It’s all about perspective. Imagine yourself sitting at the Cowboys’ game on the 50-yard line, while an acquaintance is sitting behind the goal post. After that game winning field goal, you throw your arms up in excitement! However, your friend is already posting about what a good game that was but with a disappointing ending; “#Howcouldhemissthat?!”
While sporting the same jersey and attending the same game, you are experiencing pure excitement and your friend is utterly disappointed. Are you recalling a similar experience? Differences in our perception can lead to conflict amongst others but also internal turmoil. If you find that you are struggling to recall the last time you felt happy, proud, attractive, etc., consider how your perspective is contributing to those feelings.
Perhaps, those referees can offer a third perspective to settle the differences between you and your friend’s hashtag. Much like a referee, a counselor offers non-judgemental input to help you settle those differences between everyday challenges and your perspective. If this is something that has been difficult, you may consider connecting with a counselor.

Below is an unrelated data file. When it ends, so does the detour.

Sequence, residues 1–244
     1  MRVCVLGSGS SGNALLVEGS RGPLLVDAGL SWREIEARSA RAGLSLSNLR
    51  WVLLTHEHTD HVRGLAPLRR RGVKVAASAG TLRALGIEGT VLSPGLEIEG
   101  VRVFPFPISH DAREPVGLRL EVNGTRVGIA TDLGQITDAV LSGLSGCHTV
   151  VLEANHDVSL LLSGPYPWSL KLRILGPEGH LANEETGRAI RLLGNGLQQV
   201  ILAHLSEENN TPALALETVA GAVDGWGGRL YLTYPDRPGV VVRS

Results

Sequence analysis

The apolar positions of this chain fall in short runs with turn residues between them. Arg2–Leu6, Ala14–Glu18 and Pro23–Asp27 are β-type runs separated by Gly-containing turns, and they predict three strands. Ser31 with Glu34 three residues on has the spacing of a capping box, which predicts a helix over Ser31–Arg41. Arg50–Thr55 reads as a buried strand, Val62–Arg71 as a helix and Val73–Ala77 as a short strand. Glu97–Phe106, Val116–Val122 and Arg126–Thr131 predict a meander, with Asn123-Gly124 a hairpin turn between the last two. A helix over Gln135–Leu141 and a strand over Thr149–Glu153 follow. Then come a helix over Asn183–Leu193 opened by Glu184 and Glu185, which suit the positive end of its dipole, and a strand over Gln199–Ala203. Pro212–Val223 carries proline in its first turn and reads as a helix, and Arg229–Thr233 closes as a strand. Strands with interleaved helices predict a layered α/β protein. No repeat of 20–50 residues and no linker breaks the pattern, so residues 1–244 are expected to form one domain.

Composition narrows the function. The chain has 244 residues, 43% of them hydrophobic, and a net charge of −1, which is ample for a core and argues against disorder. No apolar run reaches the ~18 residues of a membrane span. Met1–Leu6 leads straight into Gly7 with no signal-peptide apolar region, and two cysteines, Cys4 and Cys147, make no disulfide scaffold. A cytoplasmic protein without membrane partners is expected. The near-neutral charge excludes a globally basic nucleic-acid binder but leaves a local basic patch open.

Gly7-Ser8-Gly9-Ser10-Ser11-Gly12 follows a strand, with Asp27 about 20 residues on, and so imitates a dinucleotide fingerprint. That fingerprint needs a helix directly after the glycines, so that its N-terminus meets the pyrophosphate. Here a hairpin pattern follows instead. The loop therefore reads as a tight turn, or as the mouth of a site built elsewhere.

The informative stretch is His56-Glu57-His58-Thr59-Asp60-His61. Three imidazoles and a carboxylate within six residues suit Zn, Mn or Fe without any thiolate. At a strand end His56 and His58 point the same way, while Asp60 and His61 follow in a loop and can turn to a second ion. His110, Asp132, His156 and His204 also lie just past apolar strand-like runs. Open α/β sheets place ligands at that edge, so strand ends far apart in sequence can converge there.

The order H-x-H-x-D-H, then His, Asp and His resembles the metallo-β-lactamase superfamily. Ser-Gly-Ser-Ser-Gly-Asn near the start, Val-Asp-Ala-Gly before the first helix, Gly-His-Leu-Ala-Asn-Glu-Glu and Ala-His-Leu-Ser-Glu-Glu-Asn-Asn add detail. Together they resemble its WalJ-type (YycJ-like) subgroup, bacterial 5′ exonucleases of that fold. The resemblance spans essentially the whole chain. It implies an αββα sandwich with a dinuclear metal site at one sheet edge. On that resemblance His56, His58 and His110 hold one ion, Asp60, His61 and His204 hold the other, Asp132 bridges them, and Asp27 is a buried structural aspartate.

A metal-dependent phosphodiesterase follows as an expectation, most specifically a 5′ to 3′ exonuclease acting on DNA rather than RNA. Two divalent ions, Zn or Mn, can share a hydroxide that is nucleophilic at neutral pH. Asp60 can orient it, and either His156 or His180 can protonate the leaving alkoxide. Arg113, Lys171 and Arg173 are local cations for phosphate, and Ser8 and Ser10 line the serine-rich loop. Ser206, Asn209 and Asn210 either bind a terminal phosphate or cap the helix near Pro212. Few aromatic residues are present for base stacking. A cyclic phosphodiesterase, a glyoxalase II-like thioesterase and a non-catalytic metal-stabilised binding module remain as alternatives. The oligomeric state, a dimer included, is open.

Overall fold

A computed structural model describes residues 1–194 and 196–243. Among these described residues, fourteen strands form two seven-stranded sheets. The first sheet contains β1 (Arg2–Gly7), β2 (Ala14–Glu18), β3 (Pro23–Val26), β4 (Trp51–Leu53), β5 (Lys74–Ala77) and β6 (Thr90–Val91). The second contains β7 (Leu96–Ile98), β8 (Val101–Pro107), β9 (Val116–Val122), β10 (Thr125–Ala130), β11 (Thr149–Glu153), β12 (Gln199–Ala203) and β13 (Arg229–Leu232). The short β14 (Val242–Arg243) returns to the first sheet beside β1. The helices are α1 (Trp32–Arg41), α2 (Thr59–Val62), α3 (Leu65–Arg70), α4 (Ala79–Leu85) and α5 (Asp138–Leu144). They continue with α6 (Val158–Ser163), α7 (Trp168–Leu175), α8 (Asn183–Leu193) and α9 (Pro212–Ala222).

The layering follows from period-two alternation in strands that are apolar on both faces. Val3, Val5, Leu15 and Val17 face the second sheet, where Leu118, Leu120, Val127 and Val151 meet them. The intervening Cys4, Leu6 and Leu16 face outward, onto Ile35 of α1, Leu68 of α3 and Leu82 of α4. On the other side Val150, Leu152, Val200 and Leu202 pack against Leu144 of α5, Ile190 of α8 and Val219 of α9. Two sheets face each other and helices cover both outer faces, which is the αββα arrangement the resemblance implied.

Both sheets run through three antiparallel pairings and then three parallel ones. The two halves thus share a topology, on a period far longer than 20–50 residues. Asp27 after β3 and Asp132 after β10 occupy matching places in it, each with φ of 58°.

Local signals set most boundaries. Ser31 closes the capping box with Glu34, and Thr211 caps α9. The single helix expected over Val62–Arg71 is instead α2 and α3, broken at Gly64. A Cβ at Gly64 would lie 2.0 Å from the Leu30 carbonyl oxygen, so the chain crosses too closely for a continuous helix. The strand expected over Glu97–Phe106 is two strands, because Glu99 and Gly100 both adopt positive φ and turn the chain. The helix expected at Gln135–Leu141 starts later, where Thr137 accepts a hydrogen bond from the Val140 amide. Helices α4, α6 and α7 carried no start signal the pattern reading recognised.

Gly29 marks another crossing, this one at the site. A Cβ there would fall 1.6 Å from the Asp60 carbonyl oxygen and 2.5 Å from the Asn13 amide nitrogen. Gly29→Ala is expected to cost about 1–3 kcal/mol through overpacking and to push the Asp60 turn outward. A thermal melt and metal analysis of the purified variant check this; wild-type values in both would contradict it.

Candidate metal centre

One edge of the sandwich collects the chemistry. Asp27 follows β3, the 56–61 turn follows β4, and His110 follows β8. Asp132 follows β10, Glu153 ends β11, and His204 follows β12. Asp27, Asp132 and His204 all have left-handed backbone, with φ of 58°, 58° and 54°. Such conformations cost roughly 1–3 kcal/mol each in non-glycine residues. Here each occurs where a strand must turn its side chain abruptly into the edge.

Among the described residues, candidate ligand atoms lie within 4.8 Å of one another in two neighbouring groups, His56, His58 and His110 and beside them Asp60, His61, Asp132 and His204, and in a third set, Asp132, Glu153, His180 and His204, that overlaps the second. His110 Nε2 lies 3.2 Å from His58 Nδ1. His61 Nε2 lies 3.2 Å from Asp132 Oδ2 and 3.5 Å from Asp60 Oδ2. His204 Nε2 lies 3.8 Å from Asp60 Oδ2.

Whether you are a free range parent or a helicopter parent, you are setting the stage for a lifetime from the very beginning. As mentioned in a previous post about sleep, babies may not communicate well verbally, but they and their bodies do understand consistency. Teaching these little ones to both have and respect boundaries starts there: consistency! Through starting young, you are setting up your child and your parenting for success, as they grow older, more inquisitive, more independent and begin to push those buttons.
Here are a few things to try out consistently:
Redirect from an undesirable activity and explain